The Fortunes-9781328745484

The Fortunes

by Peter Davies
$14.99
1

From the best-selling, acclaimed author of The Welsh Girl comes a groundbreaking, provocative new novel recasting American history through the lives of Chinese Americans.


  • Format: Paperback
  • ISBN-13/EAN: 9781328745484
  • ISBN-10: 1328745481
  • Pages: 288
  • Publication Date: 09/12/2017
  • Carton Quantity: 24

About the book

Winner of the Anisfield-Wolf Book Award 

for literature that confronts racism and examines diversity 

 

Winner of the 2017 Chautauqua Prize 

 

Finalist for the Dayton Literary Peace Prize 

 

A New York Times Notable Book 

 

"Riveting and luminous...Like the best books, this one haunts the reader well after the end."—Jesmyn Ward 

 

“[A] complex, beautiful novel . . . Stunning.”—NPR, Best Books of 2016 

 

“Intense and dreamlike . . . filled with quiet resonances across time.”—The New Yorker 

  

Sly, funny, intelligent, and artfully structured, The Fortunes recasts American history through the lives of Chinese Americans and reimagines the multigenerational novel through the fractures of immigrant family experience. 

 

Inhabiting four lives—a railroad baron’s valet who unwittingly ignites an explosion in Chinese labor; Hollywood’s first Chinese movie star; a hate-crime victim whose death mobilizes the Asian American community; and a biracial writer visiting China for an adoption—this novel captures and capsizes over a century of our history, showing that even as family bonds are denied and broken, a community can survive—as much through love as blood. 

 

“A prophetic work, with passages of surpassing beauty.”—Joyce Carol Oates, Anisfield-Wolf Book Award citation 

  

“A poignant, cascading four-part novel . . . Outstanding.”—David Mitchell, Guardian 

 

“The most honest, unflinching, cathartically biting novel I’ve read about the Chinese American experience.”—Celeste Ng

About the author
Peter Davies

PETER HO DAVIES is on the faculty of the graduate program in creative writing at the University of Michigan. His debut collection, The Ugliest House in the World, won the John Llewellyn Rhys and PEN/Macmillan awards in Britain. His second collection, Equal Love, was hailed by the New York Times Book Review for its "stories as deep and clear as myth." It was a finalist for the Los Angeles Times Book Prize and a New York Times Notable Book. In 2003 Davies was named among the "Best of Young British Novelists" by Granta. The Welsh Girl was his first novel and his second, The Fortunes, was published in September 2016. The son of a Welsh father and Chinese mother, Davies was raised in England and spent his summers in Wales.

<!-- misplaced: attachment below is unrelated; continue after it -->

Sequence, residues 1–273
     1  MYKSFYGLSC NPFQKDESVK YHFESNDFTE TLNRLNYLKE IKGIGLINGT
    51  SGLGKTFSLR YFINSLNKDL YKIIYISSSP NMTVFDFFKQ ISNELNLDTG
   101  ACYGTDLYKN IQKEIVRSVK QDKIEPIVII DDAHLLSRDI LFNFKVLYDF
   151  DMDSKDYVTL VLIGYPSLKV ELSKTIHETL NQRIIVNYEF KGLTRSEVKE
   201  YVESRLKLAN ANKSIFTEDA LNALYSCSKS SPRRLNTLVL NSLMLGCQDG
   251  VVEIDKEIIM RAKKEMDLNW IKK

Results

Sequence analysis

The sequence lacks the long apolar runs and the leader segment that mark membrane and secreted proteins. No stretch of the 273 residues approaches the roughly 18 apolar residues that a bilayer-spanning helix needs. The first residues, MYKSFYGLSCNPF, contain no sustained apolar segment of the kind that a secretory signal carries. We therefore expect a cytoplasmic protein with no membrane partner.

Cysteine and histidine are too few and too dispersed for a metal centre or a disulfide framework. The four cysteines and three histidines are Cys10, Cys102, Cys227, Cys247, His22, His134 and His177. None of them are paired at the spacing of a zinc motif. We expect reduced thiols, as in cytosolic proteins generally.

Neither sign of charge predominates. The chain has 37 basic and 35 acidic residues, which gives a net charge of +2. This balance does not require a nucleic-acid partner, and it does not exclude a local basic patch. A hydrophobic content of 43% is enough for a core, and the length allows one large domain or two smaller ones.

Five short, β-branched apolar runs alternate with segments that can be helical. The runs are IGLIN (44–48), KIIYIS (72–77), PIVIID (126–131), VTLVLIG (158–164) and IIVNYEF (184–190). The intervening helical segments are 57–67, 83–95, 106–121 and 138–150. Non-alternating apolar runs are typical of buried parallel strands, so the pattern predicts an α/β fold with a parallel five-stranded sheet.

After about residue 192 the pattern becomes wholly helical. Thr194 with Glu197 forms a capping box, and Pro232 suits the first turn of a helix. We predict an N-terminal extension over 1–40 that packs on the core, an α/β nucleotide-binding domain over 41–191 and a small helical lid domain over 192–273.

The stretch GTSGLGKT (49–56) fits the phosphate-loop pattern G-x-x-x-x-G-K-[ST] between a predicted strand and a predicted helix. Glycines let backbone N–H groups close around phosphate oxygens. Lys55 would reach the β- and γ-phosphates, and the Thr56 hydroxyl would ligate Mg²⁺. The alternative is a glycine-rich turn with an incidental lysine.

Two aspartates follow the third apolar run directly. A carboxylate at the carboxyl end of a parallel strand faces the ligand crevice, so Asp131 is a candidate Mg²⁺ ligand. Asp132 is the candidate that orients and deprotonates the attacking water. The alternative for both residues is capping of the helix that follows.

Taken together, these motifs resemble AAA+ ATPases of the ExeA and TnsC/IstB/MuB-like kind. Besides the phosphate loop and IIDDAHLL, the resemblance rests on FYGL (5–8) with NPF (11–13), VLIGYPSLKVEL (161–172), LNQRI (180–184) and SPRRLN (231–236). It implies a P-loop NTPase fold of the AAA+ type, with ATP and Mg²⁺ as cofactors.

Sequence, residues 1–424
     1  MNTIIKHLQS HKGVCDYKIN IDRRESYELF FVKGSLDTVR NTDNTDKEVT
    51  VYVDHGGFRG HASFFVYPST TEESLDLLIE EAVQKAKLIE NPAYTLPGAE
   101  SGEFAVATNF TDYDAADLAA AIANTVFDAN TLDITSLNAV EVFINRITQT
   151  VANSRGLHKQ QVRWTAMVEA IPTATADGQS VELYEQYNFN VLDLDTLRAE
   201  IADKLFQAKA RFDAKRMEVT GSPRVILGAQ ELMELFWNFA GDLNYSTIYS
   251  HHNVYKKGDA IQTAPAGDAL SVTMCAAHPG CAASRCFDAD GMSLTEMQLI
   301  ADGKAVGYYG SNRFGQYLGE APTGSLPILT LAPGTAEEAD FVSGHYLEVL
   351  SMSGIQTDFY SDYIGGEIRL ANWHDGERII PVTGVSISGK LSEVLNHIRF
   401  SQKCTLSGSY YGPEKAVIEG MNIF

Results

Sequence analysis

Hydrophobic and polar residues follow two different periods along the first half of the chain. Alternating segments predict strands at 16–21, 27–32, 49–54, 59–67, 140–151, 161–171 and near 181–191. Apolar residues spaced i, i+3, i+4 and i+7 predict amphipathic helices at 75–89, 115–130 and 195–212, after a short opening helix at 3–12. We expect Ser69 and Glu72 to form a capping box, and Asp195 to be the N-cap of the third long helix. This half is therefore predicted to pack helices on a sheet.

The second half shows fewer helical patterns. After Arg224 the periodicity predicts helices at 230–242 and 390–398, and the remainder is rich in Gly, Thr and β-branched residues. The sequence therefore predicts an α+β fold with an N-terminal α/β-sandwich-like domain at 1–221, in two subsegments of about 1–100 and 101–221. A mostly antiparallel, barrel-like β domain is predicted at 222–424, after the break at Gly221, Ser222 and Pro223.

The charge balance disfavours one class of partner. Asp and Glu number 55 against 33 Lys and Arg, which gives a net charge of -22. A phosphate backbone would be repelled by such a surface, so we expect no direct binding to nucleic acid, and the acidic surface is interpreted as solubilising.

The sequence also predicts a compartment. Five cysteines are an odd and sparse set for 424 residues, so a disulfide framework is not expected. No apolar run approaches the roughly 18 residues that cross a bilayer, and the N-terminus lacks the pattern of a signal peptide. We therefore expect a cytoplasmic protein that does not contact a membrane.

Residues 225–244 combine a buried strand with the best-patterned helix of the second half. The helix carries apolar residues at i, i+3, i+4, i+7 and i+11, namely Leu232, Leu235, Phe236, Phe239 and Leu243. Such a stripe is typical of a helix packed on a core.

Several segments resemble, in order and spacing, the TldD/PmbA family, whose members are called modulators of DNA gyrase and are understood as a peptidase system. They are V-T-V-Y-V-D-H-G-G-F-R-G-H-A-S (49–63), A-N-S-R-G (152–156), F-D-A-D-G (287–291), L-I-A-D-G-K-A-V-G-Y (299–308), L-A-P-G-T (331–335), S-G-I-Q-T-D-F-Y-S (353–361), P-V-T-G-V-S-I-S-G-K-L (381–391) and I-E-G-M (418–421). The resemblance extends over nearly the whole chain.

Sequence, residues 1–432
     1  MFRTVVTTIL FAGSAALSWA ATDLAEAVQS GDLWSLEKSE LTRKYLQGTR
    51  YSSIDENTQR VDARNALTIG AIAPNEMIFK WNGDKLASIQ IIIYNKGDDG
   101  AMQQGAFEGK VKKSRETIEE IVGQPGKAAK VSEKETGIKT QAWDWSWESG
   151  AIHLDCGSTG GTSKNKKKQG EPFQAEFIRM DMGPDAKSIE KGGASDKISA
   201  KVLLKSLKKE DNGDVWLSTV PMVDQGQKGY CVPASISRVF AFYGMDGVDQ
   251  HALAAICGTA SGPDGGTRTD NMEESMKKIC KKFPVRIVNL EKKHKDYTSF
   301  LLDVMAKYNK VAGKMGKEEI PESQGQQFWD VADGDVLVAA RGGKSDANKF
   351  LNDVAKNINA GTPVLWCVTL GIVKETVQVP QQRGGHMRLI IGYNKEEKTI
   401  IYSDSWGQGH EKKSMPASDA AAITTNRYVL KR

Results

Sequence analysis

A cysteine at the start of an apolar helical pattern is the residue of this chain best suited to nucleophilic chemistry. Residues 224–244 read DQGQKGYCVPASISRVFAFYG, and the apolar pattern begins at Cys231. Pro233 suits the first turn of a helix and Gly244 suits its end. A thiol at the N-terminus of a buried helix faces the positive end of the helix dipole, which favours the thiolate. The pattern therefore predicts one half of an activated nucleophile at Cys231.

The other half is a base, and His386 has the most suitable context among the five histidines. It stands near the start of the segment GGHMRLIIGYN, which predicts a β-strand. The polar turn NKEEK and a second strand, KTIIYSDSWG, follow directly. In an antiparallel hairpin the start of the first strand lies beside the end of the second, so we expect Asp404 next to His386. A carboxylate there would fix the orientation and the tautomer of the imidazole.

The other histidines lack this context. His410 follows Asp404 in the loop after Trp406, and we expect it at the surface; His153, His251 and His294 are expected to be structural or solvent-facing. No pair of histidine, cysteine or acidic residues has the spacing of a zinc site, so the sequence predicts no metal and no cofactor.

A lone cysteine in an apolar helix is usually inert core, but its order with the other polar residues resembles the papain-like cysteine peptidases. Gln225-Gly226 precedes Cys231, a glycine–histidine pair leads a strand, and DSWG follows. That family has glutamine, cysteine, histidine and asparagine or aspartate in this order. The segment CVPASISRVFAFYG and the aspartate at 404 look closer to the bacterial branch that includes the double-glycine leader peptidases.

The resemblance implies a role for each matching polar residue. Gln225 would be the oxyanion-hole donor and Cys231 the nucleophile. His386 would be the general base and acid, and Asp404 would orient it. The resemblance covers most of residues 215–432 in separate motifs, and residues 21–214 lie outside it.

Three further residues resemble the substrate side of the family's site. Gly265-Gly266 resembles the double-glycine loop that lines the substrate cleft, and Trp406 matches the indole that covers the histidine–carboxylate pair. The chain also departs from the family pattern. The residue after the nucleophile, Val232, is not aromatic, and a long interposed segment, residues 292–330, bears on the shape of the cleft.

Reviews

Winner of the Anisfield-Wolf Book Awards 

Winner of the 2017 Chautauqua Prize 

Finalist for the Dayton Literary Peace Prize 

A New York Times Notable Book  

A New York Times Editors' Choice 

Longlisted for The Story Prize 

One of NPR's "Best Books of 2016" 

A Publishers Weekly Best Book of 2016 

One of BookRiot's "100 Must-Read Books of U.S. Historical Fiction" 

Asian/Pacific American Award for Literature—Honor Selection 

An Indie Next Pick (September 2016) 

 

"Riveting and luminous...So vividly rendered the reader is awash in each character's American experience...Like the best books, this one haunts the reader well after the end."—Jesmyn Ward 

 

"Davies, a master storyteller, blends fact with fiction in this saga of immigration, acclimation, and Chinese culture, which he tells through the experiences of Chinese-Americans at different points in history."—Entertainment Weekly, "12 must-read novels out this fall" 

 

“Davies writes with a rare emotional resonance and a deft sense of structure; it's hard not to be in awe of the way he's composed this complex, beautiful novel. The Fortunes is a stunning look at what it means to be Chinese, what it means to be American, and what it means to be a person navigating the strands of identity, the things that made us who we are, whoever that is.”—NPR 

 

"[A] rewarding, unorthodox novel."—Wall Street Journal 

 

“Intense and dreamlike . . . filled with quiet resonances across time . . . The Fortunes is powerful as a chronicle of perpetual frustration, as each new generation grows aware of the arbitrary line between margin and mainstream . . . What makes The Fortunes so hopeful, the type of novel that could have only been written now, is its willingness to take liberties with that past—to rearrange its details and indulge in speculation, in order to help us imagine a different way forward.”The New Yorker